Next week, a three-day train strike will cause travel disruption for millions of employees across the country. The strikes, due to take place on 21, 23 and 25 June, will see thousands of rail workers walk out in a dispute over pay and redundancies. A London Underground strike is also planned on 21 June, and disruption is expected on the days between the strikes.
The strikes, which the RMT have described as the “biggest outbreak of industrial action in the UK since 1989”, will involve 40,000 workers, and mean those reliant on trains for their commute are highly likely to be unlikely to make it into work. It will also have a huge impact on road traffic, with some ministers calling on a lift to the London congestion charge on the strike days.
People Management explores how businesses can prepare for the strikes and the legal implications if employees can’t come into work.
What if employees are unable to travel to work?
Lauren Harkin, partner in the employment law team at RWK Goodman, advises employers to try and accommodate all reasonable requests by employees who are making their best efforts to come into work during strikes, including allowing staff to come in late or leave early, and where necessary funding overnight accommodation.
“Don’t unreasonably discipline employees who are genuinely unable to make it to work or who are late. There are no legal requirements about what businesses must do, but thinking outside the box will be a key consideration for critical staff in certain industries,” she says.
Harkin adds that businesses should have a policy for dealing with travel disruptions. “In a policy you can make it clear that employees will not be paid if they are not able to get to work and the steps that employees are required to take when faced with travel disruption. This will also reduce the risk of disputes arising between employers and employees,” says Harkin.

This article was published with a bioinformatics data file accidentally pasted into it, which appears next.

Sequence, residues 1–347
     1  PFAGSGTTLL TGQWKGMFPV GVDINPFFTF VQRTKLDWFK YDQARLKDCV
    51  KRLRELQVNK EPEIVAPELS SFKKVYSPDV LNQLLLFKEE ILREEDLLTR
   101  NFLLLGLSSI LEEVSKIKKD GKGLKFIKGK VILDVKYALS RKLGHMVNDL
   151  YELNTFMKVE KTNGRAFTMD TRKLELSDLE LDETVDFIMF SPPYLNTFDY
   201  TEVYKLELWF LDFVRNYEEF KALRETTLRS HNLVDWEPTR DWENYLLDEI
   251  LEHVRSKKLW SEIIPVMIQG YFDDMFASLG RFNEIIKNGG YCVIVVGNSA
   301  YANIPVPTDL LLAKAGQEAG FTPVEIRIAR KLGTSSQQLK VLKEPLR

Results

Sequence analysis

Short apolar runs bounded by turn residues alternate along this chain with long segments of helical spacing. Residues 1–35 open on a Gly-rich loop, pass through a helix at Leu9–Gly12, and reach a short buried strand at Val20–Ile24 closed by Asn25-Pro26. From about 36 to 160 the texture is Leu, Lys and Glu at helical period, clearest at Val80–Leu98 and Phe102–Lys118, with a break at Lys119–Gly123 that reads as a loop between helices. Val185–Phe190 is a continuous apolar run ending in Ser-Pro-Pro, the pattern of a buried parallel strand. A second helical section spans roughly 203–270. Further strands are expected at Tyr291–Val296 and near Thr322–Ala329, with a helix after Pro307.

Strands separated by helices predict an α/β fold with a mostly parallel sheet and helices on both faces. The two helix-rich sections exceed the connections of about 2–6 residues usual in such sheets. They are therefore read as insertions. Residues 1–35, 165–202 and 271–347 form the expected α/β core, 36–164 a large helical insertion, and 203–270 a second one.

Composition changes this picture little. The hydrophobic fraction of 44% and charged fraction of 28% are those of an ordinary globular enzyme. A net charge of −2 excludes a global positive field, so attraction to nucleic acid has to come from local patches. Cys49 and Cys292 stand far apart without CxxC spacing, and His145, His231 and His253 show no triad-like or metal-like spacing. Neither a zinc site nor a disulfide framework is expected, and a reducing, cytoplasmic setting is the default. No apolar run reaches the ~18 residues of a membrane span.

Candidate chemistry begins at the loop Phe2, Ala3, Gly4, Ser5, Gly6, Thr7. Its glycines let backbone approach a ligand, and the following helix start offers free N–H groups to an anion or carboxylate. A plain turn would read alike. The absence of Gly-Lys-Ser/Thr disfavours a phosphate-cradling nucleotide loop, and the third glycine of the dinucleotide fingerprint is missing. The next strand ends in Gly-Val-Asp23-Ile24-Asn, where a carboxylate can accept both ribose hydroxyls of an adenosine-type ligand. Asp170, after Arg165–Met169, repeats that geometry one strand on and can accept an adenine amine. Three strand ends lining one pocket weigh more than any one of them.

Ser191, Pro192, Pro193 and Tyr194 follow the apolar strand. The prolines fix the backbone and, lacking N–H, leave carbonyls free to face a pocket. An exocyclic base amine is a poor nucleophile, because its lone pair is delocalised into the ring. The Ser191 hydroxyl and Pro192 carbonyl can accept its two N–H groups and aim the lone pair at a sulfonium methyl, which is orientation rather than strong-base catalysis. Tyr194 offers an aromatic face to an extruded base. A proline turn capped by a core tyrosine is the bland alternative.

Alan Price, CEO of BrightHR, urges companies to speak with staff and agree alternative arrangements. “Where this isn’t possible, there is the option of enforcing annual leave – with correct notice – or asking staff to use accrued time off in lieu.”
Things might get trickier if the disruptions last beyond the planned three days, says Price, as getting to work is the responsibility of the employee. But, he stresses the importance of businesses reviewing more long-term working arrangements. “Many businesses will have managed home working arrangements during the pandemic, so this may need to be brought in again in some instances,” he adds.
What are the legal implications if you can’t come into work?
Philip Richardson, partner and head of employment law at Stephensons, said while many employers will acknowledge the difficulties the strike will cause employees, it is not uncommon to see employers who may bring disciplinary action against their staff unable to make it into work. But, he cautions, saying such action could be deemed “unreasonable” as it is beyond the control of their employees.
Alexandra Farmer, an employment law adviser at Worknest, also explains that if an employee can’t get into work because of the rail strikes, but the workplace is open and work is available, then they have no right to be paid for the day. She adds: “A refusal to attend work in theory could lead to disciplinary action; however if there is a genuine reason why it is difficult to travel to work, this is an unlikely outcome.”
This was echoed by Laura Kearsley, partner in employment law at Nelsons. “It is generally an employee’s responsibility to get to and from work and so if it is not possible the employer is entitled to regard such absence as unauthorised,” she says.
Could the strike action lead to staff shortages?
Price cautions the strike action may well cause employees mental, physical or financial distress on top of the existing cost of living crisis. If the travel disruptions become long-term, businesses could see an influx of resignations. “Of course no one wants to risk losing good key workers so they should look to be reasonably accommodating when it comes to navigating the strikes,” he says.